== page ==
To be receivers of such a gift, we have to open the book, to read it with new eyes, new minds, new hearts, and to let go of past assumptions that no longer hold true in the church we have come to love.
Copenhaver, Robinson and Willimon invite us to learn a new language and to claim an identity as Christian people in a culture that is “sometimes friendly, most often indifferent and sometimes actively hostile” (p. 81). These three ministers, through their own experiences in the parishes where they serve, look for ways to do church in today’s cultural context, while never losing hope in how God works in the lives of God’s people through an earthen vessel we call church.
Copenhaver, Robinson and Willimon provide a pastoral-theological reflection on the changes in Protestant mainline churches, and the implications of those changes. Using the image of exile, these three pastors recognize and are able to name the strengths and limitations of civic faith and old-line “liberalism” and to share honestly why they find the liberal/conservative polarity tiring and unhelpful.
They also see that for North American Protestants it is a time of exile in that it is a time when “we no longer live under the illusion that we are in charge.” Paradoxically, that is indeed Good News! For they see that we have a real opportunity to begin the dialogue with one another. And to discover together who we are and what is church, and, in turn, to be the church and everything it does that “proclaims the meaning and practice of a way of life” that is specifically Christian.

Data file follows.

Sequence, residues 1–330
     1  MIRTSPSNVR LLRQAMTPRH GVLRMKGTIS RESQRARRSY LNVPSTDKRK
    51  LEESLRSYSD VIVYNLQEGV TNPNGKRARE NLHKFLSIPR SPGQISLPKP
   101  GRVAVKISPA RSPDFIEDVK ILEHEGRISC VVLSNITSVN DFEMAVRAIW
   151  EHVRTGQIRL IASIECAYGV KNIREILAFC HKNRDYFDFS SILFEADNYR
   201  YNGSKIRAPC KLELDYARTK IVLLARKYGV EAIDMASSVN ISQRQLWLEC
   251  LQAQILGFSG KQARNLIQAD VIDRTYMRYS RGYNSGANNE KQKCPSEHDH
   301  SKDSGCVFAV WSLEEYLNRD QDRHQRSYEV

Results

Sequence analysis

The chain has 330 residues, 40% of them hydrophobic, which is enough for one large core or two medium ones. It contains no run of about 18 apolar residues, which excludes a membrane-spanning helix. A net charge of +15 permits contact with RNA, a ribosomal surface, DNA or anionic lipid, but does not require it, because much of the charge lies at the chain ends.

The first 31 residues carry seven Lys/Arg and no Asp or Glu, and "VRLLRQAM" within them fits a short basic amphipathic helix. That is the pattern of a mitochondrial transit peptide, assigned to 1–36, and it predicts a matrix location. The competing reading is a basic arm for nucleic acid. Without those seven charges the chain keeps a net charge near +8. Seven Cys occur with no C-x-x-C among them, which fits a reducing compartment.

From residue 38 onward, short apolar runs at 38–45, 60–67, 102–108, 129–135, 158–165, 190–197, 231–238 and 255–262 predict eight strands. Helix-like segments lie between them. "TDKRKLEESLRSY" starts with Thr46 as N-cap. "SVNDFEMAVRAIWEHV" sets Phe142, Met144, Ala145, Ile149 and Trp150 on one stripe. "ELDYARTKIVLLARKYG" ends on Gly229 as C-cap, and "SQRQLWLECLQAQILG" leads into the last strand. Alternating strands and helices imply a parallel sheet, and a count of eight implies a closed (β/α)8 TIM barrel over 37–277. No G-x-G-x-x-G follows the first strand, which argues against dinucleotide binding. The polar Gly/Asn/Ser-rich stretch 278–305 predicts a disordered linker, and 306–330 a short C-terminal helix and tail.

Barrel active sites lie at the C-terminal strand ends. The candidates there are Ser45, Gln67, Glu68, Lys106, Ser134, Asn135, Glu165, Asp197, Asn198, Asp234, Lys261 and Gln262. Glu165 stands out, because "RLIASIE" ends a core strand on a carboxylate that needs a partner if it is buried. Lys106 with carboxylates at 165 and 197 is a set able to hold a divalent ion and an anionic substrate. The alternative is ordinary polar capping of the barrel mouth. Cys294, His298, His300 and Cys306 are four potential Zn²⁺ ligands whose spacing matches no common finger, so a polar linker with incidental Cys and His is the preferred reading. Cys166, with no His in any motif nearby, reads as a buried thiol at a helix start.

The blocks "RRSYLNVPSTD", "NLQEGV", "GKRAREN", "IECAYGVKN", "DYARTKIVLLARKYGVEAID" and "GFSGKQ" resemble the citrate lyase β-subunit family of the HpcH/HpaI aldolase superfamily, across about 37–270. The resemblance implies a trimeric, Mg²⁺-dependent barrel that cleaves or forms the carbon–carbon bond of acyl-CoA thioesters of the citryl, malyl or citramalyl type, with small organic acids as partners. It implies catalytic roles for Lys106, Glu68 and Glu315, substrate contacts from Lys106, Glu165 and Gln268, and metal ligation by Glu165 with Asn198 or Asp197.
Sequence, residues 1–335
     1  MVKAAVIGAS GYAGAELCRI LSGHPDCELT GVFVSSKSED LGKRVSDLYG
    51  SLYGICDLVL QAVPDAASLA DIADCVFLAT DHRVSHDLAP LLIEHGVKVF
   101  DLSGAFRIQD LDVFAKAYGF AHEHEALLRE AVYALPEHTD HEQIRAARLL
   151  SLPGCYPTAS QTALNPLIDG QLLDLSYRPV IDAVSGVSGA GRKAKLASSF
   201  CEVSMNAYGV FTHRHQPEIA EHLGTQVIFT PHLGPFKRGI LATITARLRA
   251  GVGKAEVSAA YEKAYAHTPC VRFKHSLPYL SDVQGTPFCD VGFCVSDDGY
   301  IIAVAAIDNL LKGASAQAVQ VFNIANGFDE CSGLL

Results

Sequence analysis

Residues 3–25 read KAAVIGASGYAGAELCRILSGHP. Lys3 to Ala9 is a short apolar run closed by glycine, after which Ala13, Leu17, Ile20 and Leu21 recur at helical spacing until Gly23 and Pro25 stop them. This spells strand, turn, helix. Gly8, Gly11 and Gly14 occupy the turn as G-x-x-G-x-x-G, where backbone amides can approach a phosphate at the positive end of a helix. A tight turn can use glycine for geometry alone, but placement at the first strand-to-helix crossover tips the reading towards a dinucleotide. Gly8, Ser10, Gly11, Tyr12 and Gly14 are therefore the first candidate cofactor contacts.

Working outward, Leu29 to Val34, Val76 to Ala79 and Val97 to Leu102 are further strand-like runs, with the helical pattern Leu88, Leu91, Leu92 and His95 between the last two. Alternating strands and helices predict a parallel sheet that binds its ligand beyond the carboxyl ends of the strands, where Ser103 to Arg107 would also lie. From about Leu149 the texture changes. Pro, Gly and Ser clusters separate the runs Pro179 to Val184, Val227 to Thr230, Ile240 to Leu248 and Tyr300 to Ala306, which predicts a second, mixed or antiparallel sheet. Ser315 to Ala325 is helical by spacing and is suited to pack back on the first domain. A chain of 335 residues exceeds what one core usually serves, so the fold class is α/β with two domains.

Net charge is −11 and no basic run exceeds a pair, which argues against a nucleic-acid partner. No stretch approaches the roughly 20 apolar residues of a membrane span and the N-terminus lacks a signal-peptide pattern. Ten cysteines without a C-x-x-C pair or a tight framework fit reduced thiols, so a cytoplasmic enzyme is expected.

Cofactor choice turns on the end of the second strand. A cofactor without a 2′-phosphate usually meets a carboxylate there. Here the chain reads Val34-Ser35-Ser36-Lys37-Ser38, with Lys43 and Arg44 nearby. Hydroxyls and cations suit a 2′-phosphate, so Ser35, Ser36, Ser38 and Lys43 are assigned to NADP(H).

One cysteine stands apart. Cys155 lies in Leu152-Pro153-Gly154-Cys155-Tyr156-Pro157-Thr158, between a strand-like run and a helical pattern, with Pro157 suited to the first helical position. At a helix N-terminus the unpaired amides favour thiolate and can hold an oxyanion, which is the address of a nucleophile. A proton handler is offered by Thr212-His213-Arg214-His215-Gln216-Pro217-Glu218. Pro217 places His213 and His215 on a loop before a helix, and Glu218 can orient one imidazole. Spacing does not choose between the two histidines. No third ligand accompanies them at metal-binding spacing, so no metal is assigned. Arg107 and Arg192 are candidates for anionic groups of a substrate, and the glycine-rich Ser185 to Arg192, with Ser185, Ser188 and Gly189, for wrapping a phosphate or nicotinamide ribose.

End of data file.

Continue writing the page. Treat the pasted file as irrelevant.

Beginning with their own autobiographical stories, Copenhaver, Robin-son and Willimon give us more than a “how to” in developing effective ministry and pastoral skills for meeting the demands and hard realities of work and service in a changing church. They know first-hand the complexities of serving in a congregation, with the understanding that there are no easy answers. They put a human face and thus a human touch (sometimes gentle, sometimes straightforward) on the life and lives of pastors and congregations seeking to be faithful to God, while meeting new challenges of the gospel in their everyday congregational life.
With brilliance and candor, Copenhaver, Robinson and Willimon share with us their theological insights and pastoral experiences in the life of the church with chapters emphasizing the importance of Scripture, preaching, ritual and sacrament, Christian formation and the teaching ministry, mission and social action, and conversion.
From the chapter on Preaching and Speech, they say, “To become a Christian is to enter a ‘culture,’ a complex system of rituals, words, signs, symbols, habits and practices that make us who we are . . . . It takes time to be a Christian. It requires practice.”
From the chapter on Christian Formation and the Teaching Ministry, they say that “to be a teacher of the faith a person must be a lifelong learner.”
And from the chapter on Mission and Social Action, they say that “what the church has to offer the world is not common-sense approaches to the world’s problems. What the church has to offer is something uncommon, something that is not otherwise found in the world we aim to serve, something that is both odd and peculiar — that something called gospel.”
Good News in Exile is a must-read book. In using Good News in Exile to engage in dialogue with friends and colleagues of eight different denominations concerning the renewal in historically mainline congregations, I have found that even in exile we are not alone.